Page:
Modeling the oxidative capacity of the atmosphere of the south coast air basin of California. 1. Ozone formation metrics. Griffin, R., J., Revelle, M., K., & Dabdub, D. Environmental Science & Technology, 38(3):746-752, 2004.
Modeling the oxidative capacity of the atmosphere of the south coast air basin of California. 1. Ozone formation metrics [link]Website  abstract   bibtex   
Metrics associated with ozone (O-3) formation are investigated using the California Institute of Technology (CIT) three-dimensional air-quality model. Variables investigated include the 03 production rate (P(O-3)),O-3 production efficiency (OPE), and total reactivity (the sum of the reactivity of carbon monoxide (CO) and all organic gases that react with the hydroxyl radical). Calculations are spatially and temporally resolved; surface-level and vertically averaged results are shown for September 9, 1993 for three Southern California locations: Central Los Angeles, Azusa, and Riverside. Predictions indicate increasing surface-level O-3 concentrations with distance downwind, in line with observations. Surface-level and vertically averaged P(O-3) values peak during midday and are highest downwind; surface P(O-3)values are greater than vertically averaged values. Surface OPEs generally are highest downwind and peak during midday in downwind locations. In contrast, peaks occur in early morning and late afternoon in the vertically averaged case. Vertically averaged OPEs tend to be greater than those for the surface. Total reactivities are highest in upwind surface locations and peak during rush hours; vertically averaged reactivities are smaller and tend to be more uniform temporally and spatially. Total reactivity has large contributions from CO, alkanes, alkenes, aldehydes, unsubstituted monoaromatics, and secondary organics. Calculations using estimated emissions for 2010 result in decreases in P(O-3)values and reactivities but increases in OPEs.
@article{
 title = {Modeling the oxidative capacity of the atmosphere of the south coast air basin of California. 1. Ozone formation metrics},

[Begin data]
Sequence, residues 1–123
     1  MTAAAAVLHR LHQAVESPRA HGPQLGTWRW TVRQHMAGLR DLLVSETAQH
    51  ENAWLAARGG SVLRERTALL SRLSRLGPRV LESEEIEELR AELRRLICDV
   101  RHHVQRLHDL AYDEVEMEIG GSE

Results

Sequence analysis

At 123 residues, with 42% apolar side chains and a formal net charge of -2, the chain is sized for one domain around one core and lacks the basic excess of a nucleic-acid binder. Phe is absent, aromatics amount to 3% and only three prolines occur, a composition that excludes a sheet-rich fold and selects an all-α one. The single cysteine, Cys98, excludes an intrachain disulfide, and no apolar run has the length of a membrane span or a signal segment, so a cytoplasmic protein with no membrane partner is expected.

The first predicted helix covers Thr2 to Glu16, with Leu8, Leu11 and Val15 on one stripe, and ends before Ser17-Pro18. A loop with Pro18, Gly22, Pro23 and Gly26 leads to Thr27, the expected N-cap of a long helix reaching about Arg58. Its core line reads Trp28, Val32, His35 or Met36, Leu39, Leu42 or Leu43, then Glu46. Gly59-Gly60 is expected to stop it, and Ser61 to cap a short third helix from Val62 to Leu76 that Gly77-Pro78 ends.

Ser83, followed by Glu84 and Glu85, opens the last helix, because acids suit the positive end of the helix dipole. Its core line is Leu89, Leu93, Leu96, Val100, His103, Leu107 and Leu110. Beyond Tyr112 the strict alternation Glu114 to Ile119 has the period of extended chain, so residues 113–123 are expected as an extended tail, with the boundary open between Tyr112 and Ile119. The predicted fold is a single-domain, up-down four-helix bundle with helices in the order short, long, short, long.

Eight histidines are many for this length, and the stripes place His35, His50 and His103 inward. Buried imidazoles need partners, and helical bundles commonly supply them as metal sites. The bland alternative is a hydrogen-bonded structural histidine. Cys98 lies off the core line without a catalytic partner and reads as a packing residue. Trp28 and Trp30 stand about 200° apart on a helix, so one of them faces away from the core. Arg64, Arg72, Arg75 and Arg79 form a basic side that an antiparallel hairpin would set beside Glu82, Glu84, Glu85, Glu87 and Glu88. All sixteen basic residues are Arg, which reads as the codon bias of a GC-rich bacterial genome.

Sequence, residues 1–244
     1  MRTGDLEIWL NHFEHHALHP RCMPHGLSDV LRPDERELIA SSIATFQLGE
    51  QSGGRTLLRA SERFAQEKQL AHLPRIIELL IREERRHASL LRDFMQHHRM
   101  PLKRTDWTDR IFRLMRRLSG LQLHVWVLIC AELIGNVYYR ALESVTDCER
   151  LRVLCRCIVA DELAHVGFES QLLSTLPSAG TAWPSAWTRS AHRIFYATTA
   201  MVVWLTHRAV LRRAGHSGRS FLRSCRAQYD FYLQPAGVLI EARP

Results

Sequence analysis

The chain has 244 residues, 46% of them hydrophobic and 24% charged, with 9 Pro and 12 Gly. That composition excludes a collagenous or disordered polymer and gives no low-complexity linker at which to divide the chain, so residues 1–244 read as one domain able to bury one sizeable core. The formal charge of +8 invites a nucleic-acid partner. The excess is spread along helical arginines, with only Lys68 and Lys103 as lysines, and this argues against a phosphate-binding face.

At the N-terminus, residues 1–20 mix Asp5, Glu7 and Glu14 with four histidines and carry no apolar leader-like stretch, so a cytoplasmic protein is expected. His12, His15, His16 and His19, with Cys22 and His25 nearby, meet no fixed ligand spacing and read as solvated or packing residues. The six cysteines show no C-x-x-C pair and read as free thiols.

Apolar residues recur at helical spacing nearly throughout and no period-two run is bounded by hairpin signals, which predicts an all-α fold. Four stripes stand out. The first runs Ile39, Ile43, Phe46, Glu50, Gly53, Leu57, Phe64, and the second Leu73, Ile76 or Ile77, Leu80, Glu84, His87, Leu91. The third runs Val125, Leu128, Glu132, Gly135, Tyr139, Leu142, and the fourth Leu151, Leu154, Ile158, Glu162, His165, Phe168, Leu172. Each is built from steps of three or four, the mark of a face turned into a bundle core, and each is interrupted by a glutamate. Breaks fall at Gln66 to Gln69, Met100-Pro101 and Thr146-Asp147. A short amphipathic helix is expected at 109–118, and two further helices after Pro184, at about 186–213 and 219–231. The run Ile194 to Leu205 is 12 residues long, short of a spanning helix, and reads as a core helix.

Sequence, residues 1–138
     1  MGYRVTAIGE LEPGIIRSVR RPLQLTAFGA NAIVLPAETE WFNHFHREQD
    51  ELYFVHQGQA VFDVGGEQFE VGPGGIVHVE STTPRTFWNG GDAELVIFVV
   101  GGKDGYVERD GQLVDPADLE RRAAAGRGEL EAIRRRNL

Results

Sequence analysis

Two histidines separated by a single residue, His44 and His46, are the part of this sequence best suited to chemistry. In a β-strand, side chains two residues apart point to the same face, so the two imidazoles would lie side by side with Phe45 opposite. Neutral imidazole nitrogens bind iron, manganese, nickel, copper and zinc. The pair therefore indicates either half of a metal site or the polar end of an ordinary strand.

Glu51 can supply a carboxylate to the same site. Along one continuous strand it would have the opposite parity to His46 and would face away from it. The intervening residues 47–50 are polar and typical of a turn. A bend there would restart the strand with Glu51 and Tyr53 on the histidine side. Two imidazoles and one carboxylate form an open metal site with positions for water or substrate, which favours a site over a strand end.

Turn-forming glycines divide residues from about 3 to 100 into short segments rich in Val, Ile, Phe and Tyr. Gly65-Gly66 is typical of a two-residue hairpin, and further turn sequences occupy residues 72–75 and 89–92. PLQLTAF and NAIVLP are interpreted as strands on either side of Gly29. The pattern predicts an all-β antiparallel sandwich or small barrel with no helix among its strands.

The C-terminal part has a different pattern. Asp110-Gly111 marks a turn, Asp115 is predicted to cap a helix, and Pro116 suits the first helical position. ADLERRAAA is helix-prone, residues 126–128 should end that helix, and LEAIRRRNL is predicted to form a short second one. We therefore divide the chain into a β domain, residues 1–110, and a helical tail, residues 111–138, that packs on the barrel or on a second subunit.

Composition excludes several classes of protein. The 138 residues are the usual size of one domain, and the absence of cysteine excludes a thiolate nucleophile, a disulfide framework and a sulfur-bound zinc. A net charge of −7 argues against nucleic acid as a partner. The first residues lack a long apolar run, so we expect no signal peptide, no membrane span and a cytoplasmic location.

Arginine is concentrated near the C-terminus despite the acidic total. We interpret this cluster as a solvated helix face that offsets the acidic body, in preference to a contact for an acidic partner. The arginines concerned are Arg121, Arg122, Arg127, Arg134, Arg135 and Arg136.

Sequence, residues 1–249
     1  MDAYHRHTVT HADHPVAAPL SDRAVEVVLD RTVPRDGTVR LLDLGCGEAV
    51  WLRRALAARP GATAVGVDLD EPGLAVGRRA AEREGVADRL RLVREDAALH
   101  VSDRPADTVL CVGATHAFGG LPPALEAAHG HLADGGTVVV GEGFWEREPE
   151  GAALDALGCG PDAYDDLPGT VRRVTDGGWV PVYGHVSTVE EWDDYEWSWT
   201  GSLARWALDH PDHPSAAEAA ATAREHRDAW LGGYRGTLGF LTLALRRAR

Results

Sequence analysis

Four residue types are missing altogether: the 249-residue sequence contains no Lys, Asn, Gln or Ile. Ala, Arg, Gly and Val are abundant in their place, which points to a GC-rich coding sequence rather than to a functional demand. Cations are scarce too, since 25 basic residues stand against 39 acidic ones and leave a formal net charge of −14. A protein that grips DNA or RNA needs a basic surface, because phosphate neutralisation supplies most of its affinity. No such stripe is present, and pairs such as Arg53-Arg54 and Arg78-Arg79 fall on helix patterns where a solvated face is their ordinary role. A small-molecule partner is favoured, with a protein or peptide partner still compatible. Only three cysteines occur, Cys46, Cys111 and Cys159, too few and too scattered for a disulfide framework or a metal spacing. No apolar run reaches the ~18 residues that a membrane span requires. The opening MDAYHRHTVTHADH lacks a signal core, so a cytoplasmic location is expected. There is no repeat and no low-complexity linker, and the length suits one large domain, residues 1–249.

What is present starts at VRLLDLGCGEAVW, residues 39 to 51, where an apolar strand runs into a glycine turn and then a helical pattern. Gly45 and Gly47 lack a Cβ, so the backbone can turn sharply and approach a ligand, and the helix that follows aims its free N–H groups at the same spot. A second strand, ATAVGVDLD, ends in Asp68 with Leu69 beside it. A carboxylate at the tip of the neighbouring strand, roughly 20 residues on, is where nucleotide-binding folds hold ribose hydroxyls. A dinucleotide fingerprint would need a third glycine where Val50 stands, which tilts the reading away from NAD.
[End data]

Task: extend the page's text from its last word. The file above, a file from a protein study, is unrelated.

type = {article},
 year = {2004},
 identifiers = {[object Object]},
 keywords = {gas-phase,nashville urban plume,nox,power-plant plumes,reactivity,regional ozone,rural site,secondary organic aerosol,simulations,southeastern united-states},
 pages = {746-752},
 volume = {38},
 websites = {<Go to ISI>://000188656000025},
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 last_modified = {2015-02-12T20:23:37.000Z},
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 source_type = {Journal Article},
 language = {English},
 notes = {<m:note>769NE<m:linebreak/>Times Cited:10<m:linebreak/>Cited References Count:33</m:note>},
 abstract = {Metrics associated with ozone (O-3) formation are investigated using the California Institute of Technology (CIT) three-dimensional air-quality model. Variables investigated include the 03 production rate (P(O-3)),O-3 production efficiency (OPE), and total reactivity (the sum of the reactivity of carbon monoxide (CO) and all organic gases that react with the hydroxyl radical). Calculations are spatially and temporally resolved; surface-level and vertically averaged results are shown for September 9, 1993 for three Southern California locations: Central Los Angeles, Azusa, and Riverside. Predictions indicate increasing surface-level O-3 concentrations with distance downwind, in line with observations. Surface-level and vertically averaged P(O-3) values peak during midday and are highest downwind; surface P(O-3)values are greater than vertically averaged values. Surface OPEs generally are highest downwind and peak during midday in downwind locations. In contrast, peaks occur in early morning and late afternoon in the vertically averaged case. Vertically averaged OPEs tend to be greater than those for the surface. Total reactivities are highest in upwind surface locations and peak during rush hours; vertically averaged reactivities are smaller and tend to be more uniform temporally and spatially. Total reactivity has large contributions from CO, alkanes, alkenes, aldehydes, unsubstituted monoaromatics, and secondary organics. Calculations using estimated emissions for 2010 result in decreases in P(O-3)values and reactivities but increases in OPEs.},
 bibtype = {article},
 author = {Griffin, R J and Revelle, M K and Dabdub, D},
 journal = {Environmental Science & Technology},
 number = {3}
}
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